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Ancient tomb captured the Sun & Moon
Staff Writer Sally Suddock
August 10, 2000

It's been called a "lightbox," a man-made ancient aperture in a tomb that accurately tracks the movement of celestial bodies on the darkened chambers inside.

The BBC reported Wednesday that the third of such phenomena has been discovered in Ireland by a researcher and artist from County Sligo.

Earlier this year, the network reported on the discovery of a similar "lightbox" in Scotland by archaeologists from Glasgow University. That prehistoric, manmade formation captured the rays of the Sun at the start and end of the winter.

But the new discovery in Ireland, found by Martin Byrne at Carrowkeel, is even more elaborate than the other two known lightbox tombs. Not only does it capture the Sun's beams for three months in summer, the aperture is designed to capture the beams of the setting, full Moon at the winter solstice. The most complex of those discovered, the Irish "lightbox" reveals "astonishingly-detailed astronomical knowledge of the ancient people," said the BBC.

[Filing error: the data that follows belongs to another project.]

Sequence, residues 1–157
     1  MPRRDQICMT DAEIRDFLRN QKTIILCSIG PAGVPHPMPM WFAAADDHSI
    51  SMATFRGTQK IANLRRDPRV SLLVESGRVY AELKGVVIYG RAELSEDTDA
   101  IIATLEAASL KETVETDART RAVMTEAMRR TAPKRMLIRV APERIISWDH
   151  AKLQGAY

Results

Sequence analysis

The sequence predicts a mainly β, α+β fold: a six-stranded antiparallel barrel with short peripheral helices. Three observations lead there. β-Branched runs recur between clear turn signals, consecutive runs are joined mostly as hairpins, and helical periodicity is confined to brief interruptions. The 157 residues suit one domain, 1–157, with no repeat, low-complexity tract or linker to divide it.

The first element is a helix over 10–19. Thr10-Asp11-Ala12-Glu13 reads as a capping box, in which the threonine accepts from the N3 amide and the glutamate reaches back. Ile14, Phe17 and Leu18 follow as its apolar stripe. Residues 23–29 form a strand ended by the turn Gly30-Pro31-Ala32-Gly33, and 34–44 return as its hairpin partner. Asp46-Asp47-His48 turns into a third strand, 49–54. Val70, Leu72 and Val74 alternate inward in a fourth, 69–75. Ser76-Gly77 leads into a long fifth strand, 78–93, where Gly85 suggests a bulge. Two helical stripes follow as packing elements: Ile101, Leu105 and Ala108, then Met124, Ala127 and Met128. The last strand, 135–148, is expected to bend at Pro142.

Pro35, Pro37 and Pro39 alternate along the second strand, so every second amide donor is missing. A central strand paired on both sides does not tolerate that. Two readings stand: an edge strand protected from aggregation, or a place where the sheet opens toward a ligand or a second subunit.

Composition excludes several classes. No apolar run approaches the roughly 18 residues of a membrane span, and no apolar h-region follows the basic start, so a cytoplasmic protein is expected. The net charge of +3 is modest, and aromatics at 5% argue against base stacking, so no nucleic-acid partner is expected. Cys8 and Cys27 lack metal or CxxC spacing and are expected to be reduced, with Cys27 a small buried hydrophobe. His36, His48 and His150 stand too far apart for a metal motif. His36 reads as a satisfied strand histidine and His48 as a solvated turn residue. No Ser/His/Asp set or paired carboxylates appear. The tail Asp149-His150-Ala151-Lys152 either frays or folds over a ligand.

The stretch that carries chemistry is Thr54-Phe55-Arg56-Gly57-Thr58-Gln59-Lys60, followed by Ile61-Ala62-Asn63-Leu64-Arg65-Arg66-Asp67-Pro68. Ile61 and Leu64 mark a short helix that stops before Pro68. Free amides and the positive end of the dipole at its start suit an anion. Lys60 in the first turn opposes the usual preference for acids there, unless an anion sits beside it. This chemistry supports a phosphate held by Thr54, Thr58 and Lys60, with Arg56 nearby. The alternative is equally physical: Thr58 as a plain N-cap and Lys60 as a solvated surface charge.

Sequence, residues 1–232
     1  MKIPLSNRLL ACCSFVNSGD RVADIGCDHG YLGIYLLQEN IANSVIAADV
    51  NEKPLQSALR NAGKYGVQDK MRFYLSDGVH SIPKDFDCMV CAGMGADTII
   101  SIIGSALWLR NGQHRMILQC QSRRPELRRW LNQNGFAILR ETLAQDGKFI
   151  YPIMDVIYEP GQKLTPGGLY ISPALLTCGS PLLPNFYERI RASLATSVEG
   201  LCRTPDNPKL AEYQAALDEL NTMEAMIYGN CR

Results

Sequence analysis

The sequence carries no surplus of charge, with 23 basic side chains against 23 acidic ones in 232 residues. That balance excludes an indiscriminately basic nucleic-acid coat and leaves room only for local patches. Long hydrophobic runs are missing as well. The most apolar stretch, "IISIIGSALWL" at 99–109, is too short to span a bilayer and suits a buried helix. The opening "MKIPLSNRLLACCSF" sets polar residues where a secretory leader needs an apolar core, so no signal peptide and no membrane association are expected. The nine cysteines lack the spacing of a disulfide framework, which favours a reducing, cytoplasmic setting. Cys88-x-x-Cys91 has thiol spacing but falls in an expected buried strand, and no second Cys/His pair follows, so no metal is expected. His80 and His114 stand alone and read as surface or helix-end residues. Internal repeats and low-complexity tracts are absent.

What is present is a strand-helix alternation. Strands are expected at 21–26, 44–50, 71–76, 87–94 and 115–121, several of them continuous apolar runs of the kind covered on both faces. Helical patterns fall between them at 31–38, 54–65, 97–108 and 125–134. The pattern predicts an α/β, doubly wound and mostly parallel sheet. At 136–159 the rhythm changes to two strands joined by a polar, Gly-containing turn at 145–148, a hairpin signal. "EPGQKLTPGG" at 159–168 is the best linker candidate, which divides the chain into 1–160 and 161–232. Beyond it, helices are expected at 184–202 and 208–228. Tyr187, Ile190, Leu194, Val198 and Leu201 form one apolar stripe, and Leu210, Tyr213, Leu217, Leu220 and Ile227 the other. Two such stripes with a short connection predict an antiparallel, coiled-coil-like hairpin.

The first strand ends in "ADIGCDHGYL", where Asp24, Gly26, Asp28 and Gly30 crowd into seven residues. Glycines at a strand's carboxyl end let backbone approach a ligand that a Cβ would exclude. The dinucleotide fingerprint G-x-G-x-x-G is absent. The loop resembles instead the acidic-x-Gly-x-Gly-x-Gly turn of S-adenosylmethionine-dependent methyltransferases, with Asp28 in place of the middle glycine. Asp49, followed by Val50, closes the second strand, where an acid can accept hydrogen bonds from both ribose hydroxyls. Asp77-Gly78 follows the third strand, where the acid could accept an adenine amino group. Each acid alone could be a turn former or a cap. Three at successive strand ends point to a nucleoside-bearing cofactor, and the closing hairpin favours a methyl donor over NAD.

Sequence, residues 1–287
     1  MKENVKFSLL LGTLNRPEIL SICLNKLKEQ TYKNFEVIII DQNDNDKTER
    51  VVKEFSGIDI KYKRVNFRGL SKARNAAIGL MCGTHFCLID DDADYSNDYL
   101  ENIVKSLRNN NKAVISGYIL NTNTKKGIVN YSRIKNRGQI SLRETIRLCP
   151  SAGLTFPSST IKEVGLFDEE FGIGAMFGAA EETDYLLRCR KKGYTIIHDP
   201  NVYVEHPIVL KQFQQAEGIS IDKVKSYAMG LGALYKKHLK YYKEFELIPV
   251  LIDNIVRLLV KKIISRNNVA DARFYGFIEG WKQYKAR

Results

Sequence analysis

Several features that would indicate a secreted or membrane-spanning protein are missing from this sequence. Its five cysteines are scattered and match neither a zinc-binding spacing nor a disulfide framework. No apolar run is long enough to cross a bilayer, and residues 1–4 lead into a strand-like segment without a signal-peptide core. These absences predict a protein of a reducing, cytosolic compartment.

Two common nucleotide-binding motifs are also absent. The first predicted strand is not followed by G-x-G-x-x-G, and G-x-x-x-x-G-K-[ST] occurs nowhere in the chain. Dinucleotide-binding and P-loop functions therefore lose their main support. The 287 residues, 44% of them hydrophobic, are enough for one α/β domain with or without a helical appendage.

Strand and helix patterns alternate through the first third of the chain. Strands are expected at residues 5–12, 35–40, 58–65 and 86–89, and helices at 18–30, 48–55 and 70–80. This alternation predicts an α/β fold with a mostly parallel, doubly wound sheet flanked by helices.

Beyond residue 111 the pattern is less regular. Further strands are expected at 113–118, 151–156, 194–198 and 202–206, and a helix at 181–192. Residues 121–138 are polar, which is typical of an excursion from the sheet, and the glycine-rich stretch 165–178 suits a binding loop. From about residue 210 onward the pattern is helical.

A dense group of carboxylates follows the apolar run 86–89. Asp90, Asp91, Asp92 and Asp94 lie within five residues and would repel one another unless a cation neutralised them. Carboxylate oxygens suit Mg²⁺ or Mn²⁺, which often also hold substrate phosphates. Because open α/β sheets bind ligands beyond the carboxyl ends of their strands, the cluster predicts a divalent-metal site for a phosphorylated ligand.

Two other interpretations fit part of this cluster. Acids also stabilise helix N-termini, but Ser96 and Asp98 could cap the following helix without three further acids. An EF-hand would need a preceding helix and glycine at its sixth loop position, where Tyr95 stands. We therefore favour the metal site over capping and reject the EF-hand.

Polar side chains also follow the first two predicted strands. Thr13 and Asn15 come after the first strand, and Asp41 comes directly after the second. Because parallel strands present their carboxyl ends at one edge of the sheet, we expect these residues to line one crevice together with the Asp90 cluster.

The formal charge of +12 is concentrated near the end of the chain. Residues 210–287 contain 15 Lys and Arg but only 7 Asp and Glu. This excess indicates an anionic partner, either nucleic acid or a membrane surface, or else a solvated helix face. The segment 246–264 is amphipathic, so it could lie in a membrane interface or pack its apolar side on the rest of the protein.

The tomb is believed to originate in the Neolithic era 6,000 years ago, set into a cairn in one of the most scared regions of ancient Ireland. Capturing moonbeams inside the chamber of the tomb apparently was no accident on the ancients' part, Byrne believes. The cairn faces a hill known as

Knocknarea, which means "Hill of the Moon." Other nearby landmarks also take their names from lunar roots.

And the new discovery indicates that not only were the ancients accurate in their fashioning of the lightbox, they were also patient. "Building it would have required many years of observations of the motions of the Moon by the tomb's architects," says Byrne. The tomb points to the most  northerly point the setting Moon reaches on the horizon, an event that only happens every 18.6 years.

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